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Polyurethane/Elastomer modelling in LS DYNA

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Posts: 1
 isai
Topic starter
(@isai)
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Joined: 11 years ago

Hello there,

Im a 4th year Aero-Mechanical Engineering student doing my thesis on valve dynamics. I need to model the elastomer as hyperelastic material as opposed to assuming linear elastic which is a poor approximation. Im using LS-DYNA 14.0 and I need to know how I can enter the Mooney-Rivlin Constants. I have the Excel Sheet from Experiments only. A uniaxial Tension/ Biaxial Tension and a PLANER tension(pure shear). I have only those data the strain values and the stress values for each of the tests. I do not have any other information regarding the experiment as a PhD student carried this out and I was only given the stress/strain values on excel to put into ls-dyna as hyperelastic modelling. I have looked numerous times into online and cant find how to enter the constants or a method of means to modelling the polyurethane. If someone could help me that would be great it would be really appreciated as this thesis is due a month today.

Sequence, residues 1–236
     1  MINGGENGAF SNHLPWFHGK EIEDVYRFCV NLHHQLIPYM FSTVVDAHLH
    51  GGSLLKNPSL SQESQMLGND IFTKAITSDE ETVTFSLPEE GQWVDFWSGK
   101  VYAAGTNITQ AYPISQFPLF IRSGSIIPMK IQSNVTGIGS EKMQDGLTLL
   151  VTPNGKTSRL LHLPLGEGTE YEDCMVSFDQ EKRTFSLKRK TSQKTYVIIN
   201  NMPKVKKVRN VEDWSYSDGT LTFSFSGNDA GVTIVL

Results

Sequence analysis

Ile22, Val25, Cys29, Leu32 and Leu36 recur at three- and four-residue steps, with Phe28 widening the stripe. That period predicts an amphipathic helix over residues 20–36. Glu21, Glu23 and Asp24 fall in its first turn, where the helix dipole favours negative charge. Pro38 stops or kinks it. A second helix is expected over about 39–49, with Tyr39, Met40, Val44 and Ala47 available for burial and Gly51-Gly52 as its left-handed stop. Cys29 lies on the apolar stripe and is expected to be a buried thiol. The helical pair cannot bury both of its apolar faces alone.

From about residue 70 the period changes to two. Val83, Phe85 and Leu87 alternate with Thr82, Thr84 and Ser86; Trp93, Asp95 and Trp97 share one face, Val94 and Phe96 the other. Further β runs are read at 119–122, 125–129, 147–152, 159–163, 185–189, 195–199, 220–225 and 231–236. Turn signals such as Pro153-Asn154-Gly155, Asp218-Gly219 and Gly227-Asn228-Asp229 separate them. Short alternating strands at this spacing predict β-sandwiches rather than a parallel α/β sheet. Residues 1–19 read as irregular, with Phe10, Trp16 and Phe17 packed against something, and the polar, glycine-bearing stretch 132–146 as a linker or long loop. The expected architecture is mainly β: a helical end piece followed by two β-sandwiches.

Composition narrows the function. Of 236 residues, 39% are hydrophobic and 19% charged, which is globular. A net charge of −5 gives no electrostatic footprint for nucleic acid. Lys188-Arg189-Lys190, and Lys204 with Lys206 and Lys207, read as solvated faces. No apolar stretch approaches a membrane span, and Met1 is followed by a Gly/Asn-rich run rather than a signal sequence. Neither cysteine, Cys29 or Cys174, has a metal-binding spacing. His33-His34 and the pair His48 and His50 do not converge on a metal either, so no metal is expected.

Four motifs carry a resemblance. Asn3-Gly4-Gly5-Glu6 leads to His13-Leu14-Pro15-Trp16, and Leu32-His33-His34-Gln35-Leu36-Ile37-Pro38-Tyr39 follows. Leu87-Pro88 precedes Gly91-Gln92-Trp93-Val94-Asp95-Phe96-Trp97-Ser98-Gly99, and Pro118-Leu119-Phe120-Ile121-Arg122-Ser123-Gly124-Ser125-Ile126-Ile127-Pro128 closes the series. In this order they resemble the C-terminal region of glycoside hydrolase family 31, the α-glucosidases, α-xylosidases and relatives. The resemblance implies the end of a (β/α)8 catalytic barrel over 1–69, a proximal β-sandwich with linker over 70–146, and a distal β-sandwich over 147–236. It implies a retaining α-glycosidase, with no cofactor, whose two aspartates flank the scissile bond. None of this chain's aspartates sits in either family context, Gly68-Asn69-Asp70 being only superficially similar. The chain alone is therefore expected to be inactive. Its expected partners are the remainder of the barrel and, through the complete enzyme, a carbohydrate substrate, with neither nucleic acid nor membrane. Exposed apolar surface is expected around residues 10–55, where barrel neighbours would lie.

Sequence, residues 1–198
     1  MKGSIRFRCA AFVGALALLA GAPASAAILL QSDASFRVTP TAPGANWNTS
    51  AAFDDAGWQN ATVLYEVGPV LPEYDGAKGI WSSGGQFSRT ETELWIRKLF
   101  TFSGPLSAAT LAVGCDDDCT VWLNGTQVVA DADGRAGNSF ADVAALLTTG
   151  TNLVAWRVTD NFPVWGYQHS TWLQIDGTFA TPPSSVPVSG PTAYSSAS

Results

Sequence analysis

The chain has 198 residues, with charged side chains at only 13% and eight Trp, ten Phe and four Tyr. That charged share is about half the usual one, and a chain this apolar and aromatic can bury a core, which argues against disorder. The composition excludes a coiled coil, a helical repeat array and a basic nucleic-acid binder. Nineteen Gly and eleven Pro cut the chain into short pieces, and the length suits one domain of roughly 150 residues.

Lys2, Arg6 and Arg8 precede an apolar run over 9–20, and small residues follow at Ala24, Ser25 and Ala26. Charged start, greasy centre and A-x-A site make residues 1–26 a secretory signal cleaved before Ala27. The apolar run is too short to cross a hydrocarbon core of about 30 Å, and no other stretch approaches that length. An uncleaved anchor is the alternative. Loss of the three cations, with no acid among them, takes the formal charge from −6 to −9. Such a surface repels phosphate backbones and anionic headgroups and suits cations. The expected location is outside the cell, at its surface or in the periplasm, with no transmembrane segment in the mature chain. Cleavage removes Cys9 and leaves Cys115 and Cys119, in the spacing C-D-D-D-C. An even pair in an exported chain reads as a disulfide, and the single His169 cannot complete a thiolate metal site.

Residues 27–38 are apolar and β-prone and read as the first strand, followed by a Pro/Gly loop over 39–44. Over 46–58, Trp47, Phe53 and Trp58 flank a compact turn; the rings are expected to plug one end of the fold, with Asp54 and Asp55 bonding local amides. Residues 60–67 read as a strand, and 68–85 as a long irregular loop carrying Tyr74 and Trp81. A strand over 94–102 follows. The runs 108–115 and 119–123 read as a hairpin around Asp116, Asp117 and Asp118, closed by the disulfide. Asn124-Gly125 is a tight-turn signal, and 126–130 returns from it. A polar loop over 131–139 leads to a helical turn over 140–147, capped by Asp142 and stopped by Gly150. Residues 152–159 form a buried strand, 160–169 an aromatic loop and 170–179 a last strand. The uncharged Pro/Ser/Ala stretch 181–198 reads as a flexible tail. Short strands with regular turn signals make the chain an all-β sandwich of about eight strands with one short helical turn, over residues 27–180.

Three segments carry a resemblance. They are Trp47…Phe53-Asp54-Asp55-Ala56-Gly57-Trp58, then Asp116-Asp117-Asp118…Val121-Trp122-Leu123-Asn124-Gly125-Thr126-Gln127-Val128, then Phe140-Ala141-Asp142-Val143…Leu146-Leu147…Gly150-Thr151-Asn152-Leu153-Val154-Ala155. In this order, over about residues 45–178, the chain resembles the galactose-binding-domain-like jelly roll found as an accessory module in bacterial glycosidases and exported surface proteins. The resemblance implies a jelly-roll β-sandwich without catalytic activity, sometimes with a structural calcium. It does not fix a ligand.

Regards

Ahmet Erik

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Posts: 1
(@karthik)
New Member
Joined: 12 years ago

Hi Ahmet,

To model an elastomer you need to reproduce the experimental sress-strain curve trough a numerical approach, this is often doing by different hyperelastic models that give you the necessary parameters (constants) for such purposes. Fortunately therere several software that read your data and do it automatically, like Abaqus and Ansys. Actually, the owners of this forum developed a very good one: MC Calibration. Check this link [url] http://polymerfem.com/content.php?9-MCalibration [/url]

On the other hand, you could send me your data trough PM and Ill give the constants from Mooney-Rivlin.

Alejandro.

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(@K3v1n17)
Active Member
Joined: 12 years ago

You can use MCalibration as Alejandro said.

You can also find the constants by hand. This may not produce the BEST fit but will be decent if you look at the extreme stress-strain pairs from your material test data.

This process is shown here:
[url] http://utsv.net/solid-mechanics/hyperelasticity/phenomenological-and-micromechanical-models [/url]

On that webpage, look at examples 1 and 2.
Your uniaxial test data gives you \sigma_{11} and \lambda_1.
Your shear test would give you \sigma_{12} and &#8220,k.&#8221,
There are then two equations in \sigma_{11}, \sigma_{12} and you can solve for the two unknowns: \mu and \beta.

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